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The Bible and Public Policy

Congress Ripping Up Its Wish List Would Make For A Merry Christmas

The opinions expressed by columnists are their own and do not necessarily represent the views of
AP Photo/J. Scott Applewhite

As Congress returns from the Thanksgiving holiday, there are only three weeks left to pass legislation that keeps the government open. Regardless of which political party is in control, it remains the most hallowed of Beltway holiday traditions to leave must-pass legislation until the last minute. As in years past, taxpayers should be concerned that a government funding bill would be weighed down with extraneous and expensive policy riders.


Such riders have routinely snuck into end-of-the-year bills when they would have otherwise been unable to survive scrutiny in the legislative process on their own. The practice allows a coalition of politicians to curry enough favor to carry the legislative package over the finish line, leaving taxpayers to foot the bill. Negotiations over end-of-the-year funding should leave unrelated legislative decisions by the wayside. The spending decisions that set the funding levels for the fiscal year are too important to be bartered away for irrelevant policy changes. 

One rider that has rumored to have been a part of an end-of-the-year deal is a so-called fix to “surprise billing.” This refers to the shocking bills patients have received after receiving care from an out-of-network provider, even if that care was delivered at an in-network facility or during an exigent event. The president has rightly called these bills one of the biggest concerns Americans have about healthcare, but proposals under consideration in Congress would undermine efforts to control healthcare costs and further obfuscate patients’ insurance options. Any changes that would profoundly impact patients' healthcare choices should be thoroughly vetted through the appropriate legislative channels, not hidden in a last-minute funding package.

The United States-Mexico-Canada Agreement (USMCA) remains an equally important item of unfinished business for this Congress. House Democrats have made repeated demands that undermine key aspects of the deal, and using the chaotic must-pass resolution window to push through a watered-down trade deal would be a mistake.  While the White House has spent the better part of this year negotiating in good faith with House Democrats over its implementation, it should be noted that many changes the agreement makes could be implemented unilaterally by the administration.  One of the Democrats’ demands has been a call to pass a bailout of the multi-employer pension fund, which would put taxpayers on the hook for tens of billions of dollars in failing private pension plans. Such a fiscally reckless move has little in common with the massive economic benefit of updating the trade agreement between the U.S. and two of its largest trading partners.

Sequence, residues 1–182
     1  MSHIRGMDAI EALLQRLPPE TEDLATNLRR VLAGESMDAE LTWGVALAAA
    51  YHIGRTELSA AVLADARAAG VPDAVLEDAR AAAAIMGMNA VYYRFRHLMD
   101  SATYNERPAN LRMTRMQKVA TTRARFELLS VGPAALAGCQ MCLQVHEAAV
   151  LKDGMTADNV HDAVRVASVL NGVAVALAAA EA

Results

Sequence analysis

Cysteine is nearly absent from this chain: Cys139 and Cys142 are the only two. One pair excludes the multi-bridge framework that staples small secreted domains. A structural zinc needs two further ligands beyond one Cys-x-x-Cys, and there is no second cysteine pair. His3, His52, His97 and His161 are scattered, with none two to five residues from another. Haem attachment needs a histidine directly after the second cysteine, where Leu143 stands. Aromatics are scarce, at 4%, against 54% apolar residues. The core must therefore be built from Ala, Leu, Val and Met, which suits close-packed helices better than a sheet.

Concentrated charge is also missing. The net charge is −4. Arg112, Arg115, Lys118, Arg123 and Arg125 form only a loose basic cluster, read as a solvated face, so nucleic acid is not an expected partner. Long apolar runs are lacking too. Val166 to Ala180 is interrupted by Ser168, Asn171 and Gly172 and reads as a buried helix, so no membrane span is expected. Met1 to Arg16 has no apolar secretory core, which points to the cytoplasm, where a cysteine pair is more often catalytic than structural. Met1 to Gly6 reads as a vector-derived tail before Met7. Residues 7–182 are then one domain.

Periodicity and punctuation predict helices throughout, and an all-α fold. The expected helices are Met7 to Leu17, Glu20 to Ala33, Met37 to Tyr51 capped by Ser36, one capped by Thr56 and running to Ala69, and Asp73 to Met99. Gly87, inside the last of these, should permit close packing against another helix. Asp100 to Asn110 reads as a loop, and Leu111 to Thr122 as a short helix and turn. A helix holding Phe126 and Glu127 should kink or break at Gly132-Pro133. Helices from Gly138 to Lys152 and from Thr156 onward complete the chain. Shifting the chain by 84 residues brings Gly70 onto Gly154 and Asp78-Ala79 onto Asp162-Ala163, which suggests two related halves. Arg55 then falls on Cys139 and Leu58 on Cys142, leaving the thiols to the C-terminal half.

Of course, work done this year reverberates in the next. By rejecting needless policy riders in its big end-of-the-year packages, Congress can signal to the American people it is capable of accomplishing its basic legislative responsibilities. But lawmakers should go beyond the bare minimum by looking to reform our broken budget processes that have made the eleventh hour funding fight commonplace in the modern budget era. Indeed, there are many bipartisan budget reforms that would start to rectify the bias for profligacy that leaves taxpayers worse off in every new year. Those reforms include S. 2765, the Bipartisan Congressional Budget Reform Act of 2019 from Sens. Enzi (R-WY) and Whitehouse (D-RI), which would institute biennial budgeting; S. 1877, the Government Shutdown Accountability Act from Sens. Lankford (R-OK), Hassan (D-NH), Johnson (R-WI), and Braun (R-IN), which would activate an automatic continuing resolution during government funding lapses, and S. 2733, the TRUST Act from Sens. Romney (R-UT) and Manchin (D-WV), which would establish bipartisan, bicameral “rescue committees” for some of the nation’s ailing federal trust funds. Most importantly, Congress should return to the short-lived but effective practice of abiding by statutory budget caps first implemented in the Budget Control Act of 2011 to establish routine budget discipline over a long-term spending window.

There is much work to be done to right the federal government’s failing fiscal ship, but these steps will at least ensure taxpayers are no worse off in the new year. Indeed, if efforts can be made to act prudently in the last month of the year while long-term economic benefits are secured through strengthened trading relationships, the new year can be one for broader reforms and more thoughtful debate on the nation’s fiscal future. 


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